Mother Nature was not cooperating around 4 a.m. Sunday when the athletes started to arrive at Riverside Park for the 11th Annual Nautica New York City Triathlon.
Rain that had started Saturday afternoon was still falling, soaking the
bikes and the sleep-deprived participants who were nervously waiting to
hear whether the 1.5K -- just under one mile -- swim in the Hudson River
would go off as planned.
out that a little rain can't stop more than 4,000 people determined to
participate in one of the country's most sought-after races --
especially when there's no lightning.
So it was all systems go. Hey, you get wet anyway, what's the difference?
we heard the swim was on, we started walking up the Hudson River
walkway from the bike transition area around 79th Street to the swim
start on 99th Street. The rain wouldn't quit, so some of us wore
slickers or carried small umbrellas to try to stay dry until it was our
turn to hit the water.
With many thousands of people participating, it was going to take awhile.
New Yorkers look at you like you've got three heads when you say you're
going to swim in the Hudson. They think it's dirty and dangerous to
your health. Well, it is dangerous, but not because it's not clean --
it's actually the cleanest it's been in a century (well, apart from the
recent sewage spill that forced the City to warn everyone to stay out of
the river for a few days). But the issue really isn't cleanliness --
it's the current, and it was rocking Sunday morning.
race officials actually delayed the start some 40 minutes to wait for
the tides to switch direction and give swimmers the advantage of the
Hudson's famous current assist downriver. (Swim course record holder
Hunter Kemper bodysurfed downstream in under 10 minutes a few years ago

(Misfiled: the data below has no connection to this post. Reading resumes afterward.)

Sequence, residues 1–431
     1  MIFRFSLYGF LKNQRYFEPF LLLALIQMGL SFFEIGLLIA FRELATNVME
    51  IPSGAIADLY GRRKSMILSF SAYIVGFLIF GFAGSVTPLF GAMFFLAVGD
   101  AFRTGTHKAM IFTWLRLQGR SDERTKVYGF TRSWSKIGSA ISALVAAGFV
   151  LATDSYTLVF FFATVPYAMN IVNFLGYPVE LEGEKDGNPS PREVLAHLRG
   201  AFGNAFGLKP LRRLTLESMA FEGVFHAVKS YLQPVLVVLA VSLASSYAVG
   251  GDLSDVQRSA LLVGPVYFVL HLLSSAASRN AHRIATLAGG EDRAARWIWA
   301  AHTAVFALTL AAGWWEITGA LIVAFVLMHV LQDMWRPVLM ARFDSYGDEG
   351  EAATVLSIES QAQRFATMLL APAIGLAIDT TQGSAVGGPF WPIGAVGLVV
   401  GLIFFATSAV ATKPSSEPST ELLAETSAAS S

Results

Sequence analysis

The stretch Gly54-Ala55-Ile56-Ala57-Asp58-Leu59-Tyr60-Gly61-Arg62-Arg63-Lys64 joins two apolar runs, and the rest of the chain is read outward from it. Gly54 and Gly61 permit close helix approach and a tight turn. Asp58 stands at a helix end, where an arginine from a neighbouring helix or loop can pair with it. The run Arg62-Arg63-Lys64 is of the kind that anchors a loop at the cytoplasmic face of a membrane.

-- take that Michael Phelps!)
This year, the
Hudson had other ideas. Those of us who headed out first were pummeled
by white caps and huge swells as we tried to negotiate our way back to
79th Street. I'm a pretty strong swimmer (I refuse, however, to discuss
my running) and I nearly panicked when I hit the water. All around me,
other athletes were floating on their backs, breast-stroking and
fighting to keep their heads above water.
managed to calm myself down, pretending it was just a windy day at the
lake at my home where I practice my open-water swimming.
fact, I was dismayed to hear later that a 64-year-old man from New
Jersey died of cardiac arrest in the water and a 40-year-old woman was
in critical condition after suffering a heart attack in the water.
my swim done, it was time to mount my Cannondale Synapse and head out
onto the northbound West Side Highway, which was closed for the race.
The rain still wouldn't quit and there were puddles that would drown a
small child all over the sides of the highway. Between that, the
potholes and the debris on the road, I must have seen at least three or
four dozen athletes pulled over to the side with flat tires. I was lucky
and managed to make it through the course unscathed.
it was time for the run. And, lo and behold, the rain stopped and the
sun came out, raising the temperature 20 degrees. Fun, fun. Well, at
least my bike jersey dried in record time.
But the crowd support lining 72nd Street and throughout Central Park was amazing and really kept us moving along.
in all, it wasn't the easiest of conditions, but I finished and got a
big hug at the finish line by Karen Murray, the head of Nautica.
was also on the lookout for an apparel-industry big-wig doing the race:
Terry Lundgren, chief executive of Macy's, who was the runner in a
relay team. He was also acting as supportive spouse for his wife, Tina,
who was taking on her first triathlon. Tina's finish time was a
respectable 3:07, while her husband finished the 10K in 51:53.
Turns out the Lundgrens are over-achievers in athletics too -- they were gone by the time I got to the finish line.
race was won by professional triathlete Ben Collins in 1:48:11.
Rebeccah Wassner, a native New Yorker, won the women's crown for the
third consecutive year with a time of 2:03:19.